Managing people

The benefits of flexible work practices

Flexible work arrangements can help your business attract and retain good employees by making it easier for them to balance work and lifestyle commitments.

Flexible work practices also enable your business to achieve a better match between staffing levels and workload or customer service demands. You also get access to a wider range of employees. Older workers, parents, and those undertaking further education find flexible arrangements more attractive.

Benefits of flexible working practices for employees and employers

With the challenges of an aging workforce, a smaller talent pool and growing concerns about competition, it makes sense to introduce different ways to work in your business. 

Does flexible work practices reduce employee turnover? In many cases, this is one of the upsides of adopting flexible work practices in your business. In addition, there are significant benefits for both employees and employers in providing flexibility for work and family balance, including being able to cast your net wider when seeking ideal employees, reduced absenteeism, improved productivity, and job satisfaction. 

Many organisations have successfully implemented workplace flexibility policies. This is through carefully designed and well-thought-out programs, and having a clear purpose statement for flexible work practices.

However, flexible work practices and employee turnover reduction and increased team morale are not a given. Barriers to implementing workplace flexibility can arise when either the employer perceives there may be costs or inconveniences associated with implementing flexible work arrangements that outweigh the benefits, or when employees believe taking advantage of available flexible work options may have negative consequences in terms of their position within the organisation.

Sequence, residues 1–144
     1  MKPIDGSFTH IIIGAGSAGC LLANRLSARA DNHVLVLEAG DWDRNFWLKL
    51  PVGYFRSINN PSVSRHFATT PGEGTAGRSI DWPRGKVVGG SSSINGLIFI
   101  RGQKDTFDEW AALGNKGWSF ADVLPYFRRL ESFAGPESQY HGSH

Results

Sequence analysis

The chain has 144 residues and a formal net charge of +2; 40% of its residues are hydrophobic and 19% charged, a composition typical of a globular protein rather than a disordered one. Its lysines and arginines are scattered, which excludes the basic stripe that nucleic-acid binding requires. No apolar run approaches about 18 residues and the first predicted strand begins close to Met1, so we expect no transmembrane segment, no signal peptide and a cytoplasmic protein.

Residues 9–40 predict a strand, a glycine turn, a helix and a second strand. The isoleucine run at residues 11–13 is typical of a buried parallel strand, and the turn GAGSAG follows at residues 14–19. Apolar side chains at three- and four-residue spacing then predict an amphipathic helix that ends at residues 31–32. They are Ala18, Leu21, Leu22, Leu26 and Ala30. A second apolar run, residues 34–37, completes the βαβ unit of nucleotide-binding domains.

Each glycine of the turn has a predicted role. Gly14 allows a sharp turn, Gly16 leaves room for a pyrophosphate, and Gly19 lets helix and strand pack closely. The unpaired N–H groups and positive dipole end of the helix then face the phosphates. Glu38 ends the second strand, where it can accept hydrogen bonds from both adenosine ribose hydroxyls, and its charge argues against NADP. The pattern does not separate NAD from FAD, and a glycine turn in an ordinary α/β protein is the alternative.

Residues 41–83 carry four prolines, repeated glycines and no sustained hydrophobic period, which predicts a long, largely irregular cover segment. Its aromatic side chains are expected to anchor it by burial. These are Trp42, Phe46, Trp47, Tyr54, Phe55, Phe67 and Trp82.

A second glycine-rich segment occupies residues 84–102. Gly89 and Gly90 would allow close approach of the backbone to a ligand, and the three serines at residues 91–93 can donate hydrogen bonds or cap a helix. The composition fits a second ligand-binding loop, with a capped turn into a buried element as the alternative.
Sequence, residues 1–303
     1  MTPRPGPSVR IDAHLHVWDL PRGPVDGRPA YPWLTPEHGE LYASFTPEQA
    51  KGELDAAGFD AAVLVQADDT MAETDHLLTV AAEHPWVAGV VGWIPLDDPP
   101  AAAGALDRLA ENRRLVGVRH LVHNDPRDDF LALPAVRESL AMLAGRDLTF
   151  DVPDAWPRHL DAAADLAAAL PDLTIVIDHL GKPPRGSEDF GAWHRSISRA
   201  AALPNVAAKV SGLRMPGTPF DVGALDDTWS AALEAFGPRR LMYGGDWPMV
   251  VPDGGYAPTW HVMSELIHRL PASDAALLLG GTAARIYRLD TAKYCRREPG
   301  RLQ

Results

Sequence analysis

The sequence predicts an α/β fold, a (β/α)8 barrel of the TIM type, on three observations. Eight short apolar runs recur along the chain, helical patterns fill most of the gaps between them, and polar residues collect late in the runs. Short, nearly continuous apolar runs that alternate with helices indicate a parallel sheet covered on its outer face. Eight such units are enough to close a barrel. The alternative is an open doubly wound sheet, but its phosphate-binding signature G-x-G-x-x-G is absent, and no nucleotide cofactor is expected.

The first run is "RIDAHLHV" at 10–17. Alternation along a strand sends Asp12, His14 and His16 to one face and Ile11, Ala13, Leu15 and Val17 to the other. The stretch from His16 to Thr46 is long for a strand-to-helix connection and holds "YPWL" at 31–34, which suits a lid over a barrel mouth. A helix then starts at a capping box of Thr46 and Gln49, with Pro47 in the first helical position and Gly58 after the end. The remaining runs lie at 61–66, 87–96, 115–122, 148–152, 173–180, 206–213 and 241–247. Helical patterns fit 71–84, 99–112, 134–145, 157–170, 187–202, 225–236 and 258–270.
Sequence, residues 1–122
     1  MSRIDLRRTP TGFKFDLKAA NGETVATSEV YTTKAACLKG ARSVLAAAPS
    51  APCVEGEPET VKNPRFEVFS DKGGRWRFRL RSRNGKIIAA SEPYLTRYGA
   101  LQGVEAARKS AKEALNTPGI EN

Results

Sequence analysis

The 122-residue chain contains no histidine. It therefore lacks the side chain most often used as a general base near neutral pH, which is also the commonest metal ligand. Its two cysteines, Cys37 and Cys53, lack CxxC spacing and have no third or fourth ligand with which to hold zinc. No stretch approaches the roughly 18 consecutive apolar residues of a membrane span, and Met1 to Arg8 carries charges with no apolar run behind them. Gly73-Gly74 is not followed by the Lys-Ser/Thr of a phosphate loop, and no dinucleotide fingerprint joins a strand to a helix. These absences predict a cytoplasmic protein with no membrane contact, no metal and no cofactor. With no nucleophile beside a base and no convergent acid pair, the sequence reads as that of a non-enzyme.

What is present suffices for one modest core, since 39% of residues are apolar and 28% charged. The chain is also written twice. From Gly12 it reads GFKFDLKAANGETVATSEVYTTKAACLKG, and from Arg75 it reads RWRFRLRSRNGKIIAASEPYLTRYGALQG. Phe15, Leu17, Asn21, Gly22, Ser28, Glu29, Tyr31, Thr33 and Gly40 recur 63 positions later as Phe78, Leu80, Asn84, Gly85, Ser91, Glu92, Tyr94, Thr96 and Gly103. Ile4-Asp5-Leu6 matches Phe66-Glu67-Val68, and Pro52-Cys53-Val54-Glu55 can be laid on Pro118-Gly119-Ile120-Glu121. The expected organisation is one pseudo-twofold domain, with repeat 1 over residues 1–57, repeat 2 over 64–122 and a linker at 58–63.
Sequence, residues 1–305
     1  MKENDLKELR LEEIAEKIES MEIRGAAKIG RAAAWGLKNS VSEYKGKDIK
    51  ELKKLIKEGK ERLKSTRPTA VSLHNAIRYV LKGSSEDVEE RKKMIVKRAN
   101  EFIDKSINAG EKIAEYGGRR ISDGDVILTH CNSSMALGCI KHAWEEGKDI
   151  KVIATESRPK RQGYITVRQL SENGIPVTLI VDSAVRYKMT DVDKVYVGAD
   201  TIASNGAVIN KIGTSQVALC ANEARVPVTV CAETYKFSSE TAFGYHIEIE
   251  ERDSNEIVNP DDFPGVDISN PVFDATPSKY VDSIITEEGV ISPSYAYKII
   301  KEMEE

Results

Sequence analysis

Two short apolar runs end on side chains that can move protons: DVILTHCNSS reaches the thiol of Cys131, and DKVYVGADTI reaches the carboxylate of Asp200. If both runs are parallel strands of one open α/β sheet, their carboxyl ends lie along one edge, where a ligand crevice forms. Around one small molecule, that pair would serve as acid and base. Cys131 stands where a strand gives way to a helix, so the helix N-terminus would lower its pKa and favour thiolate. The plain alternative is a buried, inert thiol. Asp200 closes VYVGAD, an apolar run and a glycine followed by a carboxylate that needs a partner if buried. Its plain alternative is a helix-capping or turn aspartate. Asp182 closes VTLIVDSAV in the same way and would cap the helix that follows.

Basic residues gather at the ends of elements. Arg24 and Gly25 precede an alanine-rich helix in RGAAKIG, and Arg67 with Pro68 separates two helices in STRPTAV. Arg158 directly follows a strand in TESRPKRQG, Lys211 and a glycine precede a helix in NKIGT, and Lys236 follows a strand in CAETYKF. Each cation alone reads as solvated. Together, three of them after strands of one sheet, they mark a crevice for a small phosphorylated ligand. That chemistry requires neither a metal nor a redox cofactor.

Understand your options for flexible work arrangements

What are flexible work practices defined as? The answer depends on your business, and there’s no one-size-fits-all approach. When setting up flexible work practices, it’s important to know what options are available, how they impact your business and the benefits they’d bring staff.

Consider whether any of these work arrangements would suit your employees and your business.

Part-time work

This is defined as permanent employment on a regular pattern for less than the normal full-time hours per week. Most common arrangements are normal working hours for fewer days per week (e.g. two, three or four days), or Monday to Friday for fewer hours per day (e.g. 10am to 3pm).

Casual work

Common arrangements include working short but regular hours weekly (e.g. one or two nights per week), short periods of full-time employment (e.g. during peak business periods or relief work when permanent employees are on leave), being ‘on-call’ when required, or working irregular hours weekly.

Flexible working hours

Working hours are varied within a day, week or month, e.g. work start and finish times can be varied. Changes can cater for work demands (such as keeping the business open daily for longer hours), employees’ outside-work commitments (such as caring for children), and other issues (such as avoiding peak-hour commuting).

Most arrangements specify a ‘core’ period when all employees must be at work (such as 10am to 3pm) but start and finish times can vary.

Other arrangements include working different hours each month, with the employee required to meet an overall monthly average equivalent to normal hours. Annualised hours can be adopted, where the employee works a specified number of hours per year, but the actual amount varies from month to month. This may suit businesses in ‘seasonal’ industries. 

Further flexible working options

  • Job sharing involves two part-time employees performing a single full-time job between them (e.g. one employee works Monday/Tuesday/Wednesday and the other works Thursday/Friday). Duties can be shared, or different tasks can be allocated to each employee.

  • Rostered days off where typically four and a half days per week, nine days per fortnight or 19 days per four weeks are worked. The day off can be agreed in advance or varied according to workloads or employees' needs. Some awards and agreements contain provisions relating to rostered days off.

  • Working from home, which can be an ad hoc or permanent arrangement. The latter usually involves a split between being at the workplace and working from home.

  • A compressed workweek is allowing an employee to work full-time hours in fewer than five days per week, such as four x nine-hour days or three x 12-hour days.

  • 'Purchased' leave enabling employees to increase their annual leave entitlement in exchange for a pro-rata reduction of remuneration. For example, the employee takes eight weeks of annual leave each year instead of four and receives payment for 48 weeks per year instead of 52. 

  • Phased retirement, which enables mature-age employees to ease into retirement by reducing their working hours in stages, e.g. from five days per week to three, then to two, then to one.

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